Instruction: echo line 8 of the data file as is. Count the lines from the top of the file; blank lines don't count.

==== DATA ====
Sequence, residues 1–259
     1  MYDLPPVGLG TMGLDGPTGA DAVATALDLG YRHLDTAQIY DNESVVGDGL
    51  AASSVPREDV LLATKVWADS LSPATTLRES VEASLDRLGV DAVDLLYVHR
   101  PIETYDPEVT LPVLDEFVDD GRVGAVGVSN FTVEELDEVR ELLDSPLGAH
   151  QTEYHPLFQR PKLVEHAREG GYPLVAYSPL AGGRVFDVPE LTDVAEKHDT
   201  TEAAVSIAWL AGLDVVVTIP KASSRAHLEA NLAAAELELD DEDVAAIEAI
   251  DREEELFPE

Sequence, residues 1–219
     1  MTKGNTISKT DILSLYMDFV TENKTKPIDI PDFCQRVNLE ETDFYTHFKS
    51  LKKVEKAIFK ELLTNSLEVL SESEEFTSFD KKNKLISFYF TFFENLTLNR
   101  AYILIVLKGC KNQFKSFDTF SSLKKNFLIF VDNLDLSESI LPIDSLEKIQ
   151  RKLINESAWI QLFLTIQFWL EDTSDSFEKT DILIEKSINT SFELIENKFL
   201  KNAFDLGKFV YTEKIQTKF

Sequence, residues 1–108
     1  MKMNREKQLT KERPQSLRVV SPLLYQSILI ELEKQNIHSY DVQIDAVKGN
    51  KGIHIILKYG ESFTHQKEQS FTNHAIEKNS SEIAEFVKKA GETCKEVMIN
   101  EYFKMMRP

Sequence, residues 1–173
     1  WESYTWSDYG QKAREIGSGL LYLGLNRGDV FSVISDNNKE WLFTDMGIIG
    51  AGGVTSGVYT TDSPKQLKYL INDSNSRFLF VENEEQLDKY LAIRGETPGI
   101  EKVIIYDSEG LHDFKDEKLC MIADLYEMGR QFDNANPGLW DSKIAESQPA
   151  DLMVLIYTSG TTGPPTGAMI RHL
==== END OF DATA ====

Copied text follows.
Sequence, residues 1–219